by HOWIE STALWICK & r & & r & & lt;span class= "dropcap " & I & lt;/span & n 1992, the 30 major league baseball teams drafted 1,481 players. Spokane's Mike Redmond wasn't one of them. Still, despite facing Texas-sized odds, he passed up his senior year at Gonzaga University to sign a minor league contract with the Florida Marlins as an undrafted free agent in the fall of '92.
Ten years after batting .200 as a rookie minor leaguer -- "I think I made $875 a month" -- Redmond helped the Marlins win the 2003 world championship. He did so by providing able support to star catcher Ivan Rodriguez and by keeping things loose in the clubhouse by, uh, letting everything hang loose.
It seems Redmond had developed a habit of occasionally taking batting practice (indoors in stadiums, mind you) with little covering his body but shoes, socks and batting gloves.
"I still have guys asking me to do it, because we won the World Series that year," Redmond says.
These days, Redmond is known more as a rock-solid 10-year major league veteran than as a quasi-nudist. He batted a career-high .341 in 47 games with Minnesota last season -- the sixth time he's batted over .300 in the big leagues -- and he's currently starting for the Minnesota Twins while all-star catcher Joe Mauer recovers from a leg injury.
Redmond, a Gonzaga Prep graduate who still lives in Spokane in the offseason, grabbed a phone at the Metrodome in Minneapolis last Sunday prior to the Twins' game with Detroit and engaged in a lively question-and-answer session with The Inlander:
Howie Stalwick: Most guys take the hint when nearly 1,500 players get drafted and no one wants you. What made you decide to turn pro after your junior year at Gonzaga?
Mike Redmond: I was all set to come back to Gonzaga for my senior season. I was playing summer ball in Wichita, and I got a chance to sign with the Florida Marlins, who were looking for catchers. It was probably one of the toughest decisions I've made in my life. I felt terrible letting down by teammates at Gonzaga, but it was my shot at fulfilling my dream of playing in the big leagues. It ended up being the best decision of my life.
HS: You came into the week with a .293 career batting average and equally impressive defensive numbers, but you've never played more than 89 games in one season in the majors. Has it been frustrating to play behind such outstanding catchers as Charles Johnson and Ivan "Pudge" Rodriguez with Florida and now Joe Mauer with Minnesota?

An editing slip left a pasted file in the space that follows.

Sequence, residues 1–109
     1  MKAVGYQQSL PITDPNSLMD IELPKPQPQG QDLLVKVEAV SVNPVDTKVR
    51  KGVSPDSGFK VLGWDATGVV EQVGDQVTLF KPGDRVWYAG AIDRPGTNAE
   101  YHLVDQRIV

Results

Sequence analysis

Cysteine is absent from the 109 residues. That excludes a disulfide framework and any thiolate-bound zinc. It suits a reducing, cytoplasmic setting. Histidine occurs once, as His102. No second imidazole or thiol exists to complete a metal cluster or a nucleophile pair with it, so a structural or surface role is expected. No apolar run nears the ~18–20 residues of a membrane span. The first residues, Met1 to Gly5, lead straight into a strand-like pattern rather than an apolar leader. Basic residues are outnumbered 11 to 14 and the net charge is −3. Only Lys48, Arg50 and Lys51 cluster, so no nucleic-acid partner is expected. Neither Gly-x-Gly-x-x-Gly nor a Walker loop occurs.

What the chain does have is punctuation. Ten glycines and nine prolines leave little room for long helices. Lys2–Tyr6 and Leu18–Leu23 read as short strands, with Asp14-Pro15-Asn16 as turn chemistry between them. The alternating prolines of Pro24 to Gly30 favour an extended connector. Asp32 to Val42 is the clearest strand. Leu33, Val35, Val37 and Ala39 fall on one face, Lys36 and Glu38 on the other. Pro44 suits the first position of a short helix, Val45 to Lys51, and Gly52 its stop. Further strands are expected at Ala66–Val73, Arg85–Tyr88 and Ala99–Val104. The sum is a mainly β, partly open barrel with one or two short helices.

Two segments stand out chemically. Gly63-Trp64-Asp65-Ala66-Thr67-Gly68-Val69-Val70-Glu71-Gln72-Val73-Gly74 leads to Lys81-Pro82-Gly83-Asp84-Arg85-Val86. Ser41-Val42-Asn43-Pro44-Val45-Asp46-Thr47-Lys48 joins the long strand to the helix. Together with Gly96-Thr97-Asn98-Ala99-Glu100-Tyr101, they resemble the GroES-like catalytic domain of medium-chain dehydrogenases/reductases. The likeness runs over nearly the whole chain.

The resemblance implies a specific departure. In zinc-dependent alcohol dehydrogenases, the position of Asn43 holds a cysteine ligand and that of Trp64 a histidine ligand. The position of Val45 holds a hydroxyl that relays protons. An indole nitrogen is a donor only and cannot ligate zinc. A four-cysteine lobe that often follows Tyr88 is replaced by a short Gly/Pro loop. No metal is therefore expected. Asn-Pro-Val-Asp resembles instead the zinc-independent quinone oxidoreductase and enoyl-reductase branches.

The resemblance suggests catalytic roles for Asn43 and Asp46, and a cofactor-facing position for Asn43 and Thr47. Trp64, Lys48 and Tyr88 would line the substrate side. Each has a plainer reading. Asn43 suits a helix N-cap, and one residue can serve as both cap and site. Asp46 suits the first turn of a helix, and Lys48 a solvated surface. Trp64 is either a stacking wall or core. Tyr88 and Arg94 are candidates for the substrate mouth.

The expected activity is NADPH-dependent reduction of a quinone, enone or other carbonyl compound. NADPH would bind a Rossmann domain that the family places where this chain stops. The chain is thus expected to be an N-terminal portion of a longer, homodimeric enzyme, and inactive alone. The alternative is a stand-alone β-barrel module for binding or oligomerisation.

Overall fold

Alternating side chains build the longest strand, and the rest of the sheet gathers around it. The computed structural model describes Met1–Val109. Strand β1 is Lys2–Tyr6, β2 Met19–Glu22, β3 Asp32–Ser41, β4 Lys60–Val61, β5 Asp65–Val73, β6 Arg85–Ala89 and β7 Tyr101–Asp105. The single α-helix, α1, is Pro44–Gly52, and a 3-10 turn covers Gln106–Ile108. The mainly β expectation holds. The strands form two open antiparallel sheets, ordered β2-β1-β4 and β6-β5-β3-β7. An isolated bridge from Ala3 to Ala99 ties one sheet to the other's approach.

MR: I've accepted my role as a backup player, but I'm prepared when I get the opportunity to play. My role is my role. When Joe Mauer comes back, I'm back on the bench. It's just the way it is.
HS: Did you ever think you would be a regular starter in the majors?
MR: The one time they told me I would play full-time was in 2003. Then about a month later, they signed Pudge. I was frustrated ... On the other hand, we won the World Series that year. That's something I'll never forget.
HS: Where do you keep your World Series ring?
MR: In a big safe. It's too big. I think it's the biggest World Series ring ever made. There were a couple times I've worn it. I wore it to a Gonzaga basketball game after I first got it just to show everyone ... I don't like drawing attention to myself. I don't like to wear things that are gaudy.
HS: You were in your sixth season in the minor leagues before you reached the majors. Did you ever consider quitting?
MR: Oh yeah. I thought about it a lot. There was one year [the Marlins] even talked to me about becoming a coach. I'd just had shoulder surgery. I talked them into letting me play one more year. That year (1998), I made the big leagues for the first time.
HS: What's the best thing about being a major league ballplayer?
MR: Just the adrenaline; how much fun it is to go out there and play and try to win. There's so much at stake every single game.
HS: What's the worst thing about being a major league ballplayer?
MR: Missing my kids and wife. And I miss Spokane, to be honest with you.
HS: What are your plans once you're done playing?
MR: I'm not sure. I want to play until I'm 40 -- four more years. Then we'll see what happens. Who knows? I might come back and coach at Gonzaga.